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On The Corner Masthead

The Weight of History:
The Mattson 2 and A Love Supreme

June 5, 2019 | by Richard Scheinin

Brothers Jonathan and Jared Mattson — drummer and guitarist — get pegged as practitioners of “surf jazz.” They grew up in San Diego, so fans assume their jangly, wide-open improvisations are reflective of the Southern California beach vibe. But the truth is, Jonathan says, “We don’t know any surf music. I can do the tom-tom roll to ‘Wipe Out,’ but that’s about it.”

In fact, the brothers — known professionally as the Mattson 2 — are “absolute straight-out jazz nerds,” Jared explains. As toddlers, they danced in their playpen to Ornette Coleman: “I think it was the Science Fiction album, which is pretty grooving,” Jonathan says. Later, recordings by Thelonious Monk and Miles Davis got baked into their brains. So did albums by semi-obscure guitar geniuses: Gabor Szabo (whose eccentric, jangly sound helped inspire the Mattson 2’s concept) and Calvin Keys (the soul jazz pioneer whose 1971 album Shawn-Neeq is one of their obsessions.) Over the years, the now 33-year-old Mattsons — identical twins — have collaborated with indie and hip-hop musicians, including Chaz Baer (a.k.a. Toro y Moi) and Money Mark (one of the Beastie Boys’ inner circle). But jazz remains their lodestone, which is why — on June 14 at SFJAZZ — the two brothers will gather up all their energies to perform one of the landmark works of 20th century music: saxophonist John Coltrane’s A Love Supreme, with special guest Keys joining them for the concert's second half.

That said, it’s going to be a dance show: “The way we play it, it relates to the average person and not to some crazy jazz-heads,” Jonathan says.

He and Jared understand that A Love Supreme, recorded in 1964, crystalizes the supernova sound of Coltrane’s saxophone and his classic quartet with pianist McCoy Tyner, bassist Jimmy Garrison and drummer Elvin Jones. They also know that Coltrane intended the suite as an offering to God.

But the Mattsons — who perform Coltrane’s work as a duo, just guitar and drums — wonder whether A Love Supreme has become too weighted down by its history. When they play Coltrane’s suite, their approach is jam-bandy, spiced with breakbeats, psychedelic effects and stinging guitar notes out of Santana. The Mattsons aren’t looking to give listeners “some kind of super-esoteric experience,” Jonathan says. They aim to put the music “on a platter that’s more easily digestible,” Jared continues. Over the past two years, the brothers have performed A Love Supreme dozens of times at clubs and concert halls around the country and they have been struck by the response. It turns out that Coltrane — his name and his music, and especially A Love Supreme — enjoys a “huge cultural following” beyond the jazz world, Jared says. “The audience we are appealing to is an indie rock crowd. They’re super-open-minded, and a lot of them only got into jazz because they know the bands they listen to like jazz. But I still think it’s a major victory for jazz — that these people who aren’t hardcore jazz fans, they still totally resonate with A Love Supreme.”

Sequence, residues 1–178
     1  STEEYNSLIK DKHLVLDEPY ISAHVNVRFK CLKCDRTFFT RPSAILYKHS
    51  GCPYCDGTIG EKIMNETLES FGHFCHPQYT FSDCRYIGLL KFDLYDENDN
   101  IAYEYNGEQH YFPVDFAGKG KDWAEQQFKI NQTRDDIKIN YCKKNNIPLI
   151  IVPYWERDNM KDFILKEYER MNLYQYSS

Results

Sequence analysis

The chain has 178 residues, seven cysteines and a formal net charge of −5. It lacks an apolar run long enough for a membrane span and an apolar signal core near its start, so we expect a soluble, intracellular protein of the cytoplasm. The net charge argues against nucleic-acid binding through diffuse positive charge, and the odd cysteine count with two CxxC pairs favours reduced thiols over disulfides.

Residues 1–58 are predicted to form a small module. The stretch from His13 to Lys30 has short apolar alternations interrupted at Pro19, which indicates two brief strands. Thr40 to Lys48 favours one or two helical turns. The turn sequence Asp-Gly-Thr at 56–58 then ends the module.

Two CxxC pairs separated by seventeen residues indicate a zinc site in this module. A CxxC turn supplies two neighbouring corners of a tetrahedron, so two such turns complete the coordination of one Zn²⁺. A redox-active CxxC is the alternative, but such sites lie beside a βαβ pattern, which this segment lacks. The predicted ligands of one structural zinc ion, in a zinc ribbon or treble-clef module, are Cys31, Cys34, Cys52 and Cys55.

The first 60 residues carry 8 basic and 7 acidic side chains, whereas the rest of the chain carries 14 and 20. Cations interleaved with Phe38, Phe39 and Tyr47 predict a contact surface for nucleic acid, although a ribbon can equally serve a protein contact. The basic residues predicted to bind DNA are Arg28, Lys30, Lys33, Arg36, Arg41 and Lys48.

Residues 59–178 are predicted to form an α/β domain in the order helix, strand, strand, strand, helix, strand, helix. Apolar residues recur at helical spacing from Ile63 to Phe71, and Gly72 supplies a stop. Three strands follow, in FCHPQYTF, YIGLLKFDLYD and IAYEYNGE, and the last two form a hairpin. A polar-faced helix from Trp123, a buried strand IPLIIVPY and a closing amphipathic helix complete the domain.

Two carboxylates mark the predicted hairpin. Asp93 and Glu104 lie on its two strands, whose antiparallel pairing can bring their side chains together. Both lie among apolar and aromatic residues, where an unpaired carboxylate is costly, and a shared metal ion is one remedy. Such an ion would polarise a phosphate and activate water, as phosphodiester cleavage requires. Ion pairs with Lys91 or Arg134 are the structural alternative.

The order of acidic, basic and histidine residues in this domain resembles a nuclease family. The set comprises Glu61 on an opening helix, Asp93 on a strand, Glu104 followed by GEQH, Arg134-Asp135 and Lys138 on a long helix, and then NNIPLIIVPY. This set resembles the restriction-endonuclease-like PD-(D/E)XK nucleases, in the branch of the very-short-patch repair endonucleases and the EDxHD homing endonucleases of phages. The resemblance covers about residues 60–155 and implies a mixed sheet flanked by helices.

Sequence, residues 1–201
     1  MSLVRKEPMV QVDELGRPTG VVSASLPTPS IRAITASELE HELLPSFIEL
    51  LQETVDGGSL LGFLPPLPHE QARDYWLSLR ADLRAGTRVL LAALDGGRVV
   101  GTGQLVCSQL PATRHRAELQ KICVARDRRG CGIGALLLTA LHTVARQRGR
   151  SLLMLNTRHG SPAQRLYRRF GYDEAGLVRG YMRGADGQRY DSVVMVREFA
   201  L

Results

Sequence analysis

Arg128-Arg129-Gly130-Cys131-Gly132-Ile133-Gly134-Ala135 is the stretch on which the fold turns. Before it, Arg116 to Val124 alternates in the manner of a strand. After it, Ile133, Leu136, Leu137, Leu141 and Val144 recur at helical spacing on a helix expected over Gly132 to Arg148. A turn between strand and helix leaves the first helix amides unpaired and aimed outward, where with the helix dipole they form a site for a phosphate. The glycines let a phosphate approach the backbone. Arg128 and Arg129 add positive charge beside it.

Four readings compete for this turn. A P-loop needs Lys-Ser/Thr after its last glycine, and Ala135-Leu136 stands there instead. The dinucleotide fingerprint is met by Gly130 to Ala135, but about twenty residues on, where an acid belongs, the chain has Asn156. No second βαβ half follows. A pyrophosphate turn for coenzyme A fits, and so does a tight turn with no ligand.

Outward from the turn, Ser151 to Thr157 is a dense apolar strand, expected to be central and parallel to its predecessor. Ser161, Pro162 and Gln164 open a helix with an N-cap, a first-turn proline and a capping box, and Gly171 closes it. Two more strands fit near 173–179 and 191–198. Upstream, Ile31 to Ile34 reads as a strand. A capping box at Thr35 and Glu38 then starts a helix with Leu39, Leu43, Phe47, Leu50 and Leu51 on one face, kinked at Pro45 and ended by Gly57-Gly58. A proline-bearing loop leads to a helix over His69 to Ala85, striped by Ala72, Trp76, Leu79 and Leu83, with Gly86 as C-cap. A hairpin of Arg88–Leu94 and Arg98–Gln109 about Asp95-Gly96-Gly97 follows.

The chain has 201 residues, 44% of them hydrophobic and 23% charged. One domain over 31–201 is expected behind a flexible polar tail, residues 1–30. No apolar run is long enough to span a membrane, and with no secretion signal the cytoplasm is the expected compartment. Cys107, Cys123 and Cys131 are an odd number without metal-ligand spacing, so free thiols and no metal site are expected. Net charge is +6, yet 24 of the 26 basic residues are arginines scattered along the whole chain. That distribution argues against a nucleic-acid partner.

You can get a sense of the response by watching a YouTube video of the Mattson 2, performing A Love Supreme at a club in Costa Mesa, CA, last October: When Jared mentions Coltrane’s name, the crowd hoots and hollers. When he begins to play the bluesy, grooving bass lines from the suite’s “Acknowledgement” movement, listeners start to dance in place, hoisting their beers and bobbing to the cosmic beat. (Jared plays a double-necked guitar; the bottom neck, with four strings, is an electric bass.)

In late 2016, when the brothers formulated their Coltrane project, Jared “zoomed in” on those Jimmy Garrison bass lines, isolating specific “melodic cells” to highlight and develop. Likewise, Jonathan put Elvin Jones’s performance “under the microscope,” examining the way Jones uses his sticks on cymbals to anticipate the entrance of Garrison’s bass in the opening movement. Again and again, the brothers extracted motifs from improvisations by Coltrane and his band mates, using them as compositional elements on which to build their own interpretation of the suite. Figuring out Tyner’s piano voicings and transferring them to guitar was the biggest challenge, and the key to the project — “the glue,” Jared says, that holds it together.